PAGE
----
Regional and global estimates are the result of the sum of country values. “Forest” is based on FAO’s definition of land larger than 0.5 hectares with trees able to reach higher than 5 m and a canopy coverage greater than 10%, excluding agricultural and urban land [24]. Although all data from country reports undergo a rigorous process by the FAO in order to review reference sources and the forest estimation methods, the indicator’s metadata does not specify any further details on monitoring methodology, which may complicate comparisons between countries. Through the Swiss Data Cube framework, we demonstrate how EO data in analysis-ready form can contribute to more detailed measurements by providing consistent time-series to derive trends, and better harmonize SDG indicators without requiring any additional reporting by countries.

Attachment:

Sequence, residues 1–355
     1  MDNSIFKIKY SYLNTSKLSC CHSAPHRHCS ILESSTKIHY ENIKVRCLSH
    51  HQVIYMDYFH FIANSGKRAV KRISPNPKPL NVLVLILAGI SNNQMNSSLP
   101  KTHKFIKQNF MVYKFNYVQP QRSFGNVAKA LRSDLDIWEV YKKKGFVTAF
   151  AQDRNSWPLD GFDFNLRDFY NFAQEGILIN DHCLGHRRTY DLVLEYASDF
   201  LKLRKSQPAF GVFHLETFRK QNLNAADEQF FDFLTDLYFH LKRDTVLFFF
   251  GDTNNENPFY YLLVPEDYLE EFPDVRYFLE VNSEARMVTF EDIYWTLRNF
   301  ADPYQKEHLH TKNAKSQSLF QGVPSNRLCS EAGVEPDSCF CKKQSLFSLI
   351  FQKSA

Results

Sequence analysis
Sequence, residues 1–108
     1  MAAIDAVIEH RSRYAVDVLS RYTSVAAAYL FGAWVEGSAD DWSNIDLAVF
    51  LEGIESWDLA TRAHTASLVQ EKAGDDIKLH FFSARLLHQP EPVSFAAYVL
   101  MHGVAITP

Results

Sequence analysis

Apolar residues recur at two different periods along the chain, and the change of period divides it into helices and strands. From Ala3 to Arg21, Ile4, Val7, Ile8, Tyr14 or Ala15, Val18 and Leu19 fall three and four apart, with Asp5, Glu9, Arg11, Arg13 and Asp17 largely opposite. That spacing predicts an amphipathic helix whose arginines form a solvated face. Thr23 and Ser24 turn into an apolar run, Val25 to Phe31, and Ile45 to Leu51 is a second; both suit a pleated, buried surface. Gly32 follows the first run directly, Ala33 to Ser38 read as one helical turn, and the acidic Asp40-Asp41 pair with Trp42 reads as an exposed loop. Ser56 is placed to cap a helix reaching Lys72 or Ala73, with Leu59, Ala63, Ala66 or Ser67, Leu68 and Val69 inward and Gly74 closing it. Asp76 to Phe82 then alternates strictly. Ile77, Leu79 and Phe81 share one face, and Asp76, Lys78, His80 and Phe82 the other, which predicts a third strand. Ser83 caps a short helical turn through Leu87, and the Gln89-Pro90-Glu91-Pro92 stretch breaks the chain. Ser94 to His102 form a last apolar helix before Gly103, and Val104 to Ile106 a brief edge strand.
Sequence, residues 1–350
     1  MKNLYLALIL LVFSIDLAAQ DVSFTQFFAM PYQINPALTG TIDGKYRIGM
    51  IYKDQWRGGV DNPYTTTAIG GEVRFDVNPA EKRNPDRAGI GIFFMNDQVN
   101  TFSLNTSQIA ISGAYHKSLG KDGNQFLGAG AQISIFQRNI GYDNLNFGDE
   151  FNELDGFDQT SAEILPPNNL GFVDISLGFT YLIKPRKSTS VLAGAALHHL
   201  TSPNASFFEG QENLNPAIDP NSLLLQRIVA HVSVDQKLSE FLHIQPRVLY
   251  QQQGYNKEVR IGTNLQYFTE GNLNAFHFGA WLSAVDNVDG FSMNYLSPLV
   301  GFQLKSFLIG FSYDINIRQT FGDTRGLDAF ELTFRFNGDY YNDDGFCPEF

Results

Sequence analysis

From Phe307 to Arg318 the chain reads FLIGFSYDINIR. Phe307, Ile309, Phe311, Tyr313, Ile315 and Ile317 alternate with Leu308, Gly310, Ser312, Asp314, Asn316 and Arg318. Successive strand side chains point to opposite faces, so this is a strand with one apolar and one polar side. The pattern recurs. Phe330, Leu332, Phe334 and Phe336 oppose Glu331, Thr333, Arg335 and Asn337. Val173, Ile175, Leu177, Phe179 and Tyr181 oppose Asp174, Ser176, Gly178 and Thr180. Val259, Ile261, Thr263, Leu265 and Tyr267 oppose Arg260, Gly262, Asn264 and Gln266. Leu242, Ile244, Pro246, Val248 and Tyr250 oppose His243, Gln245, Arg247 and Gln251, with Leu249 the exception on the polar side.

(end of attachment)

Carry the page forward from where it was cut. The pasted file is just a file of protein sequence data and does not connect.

2.2. Algorithm Implementation

The analytical framework used to implement the processing algorithm is based on Python 3.6 ( language and Jupyter notebooks (, an interactive, web-based, and open-source software allowing interactive computing with over 40 different programming languages [25]. Geographic Information System (GIS) specific software such as QGIS (, ArcMap (, and GDAL ( libraries are also used to manipulate and extract information contained in spatial layers. The script is available on a public GitHub repository (
The algorithm is expected to detect the evolution of forest coverage within the Swiss boundaries with time-series extracted from the SDC. The script consists of three major steps: configuration of inputs, running of the algorithm on a mini data cube with dimensions corresponding to the specified longitude and latitude ranges, and visualization of results (Figure 1).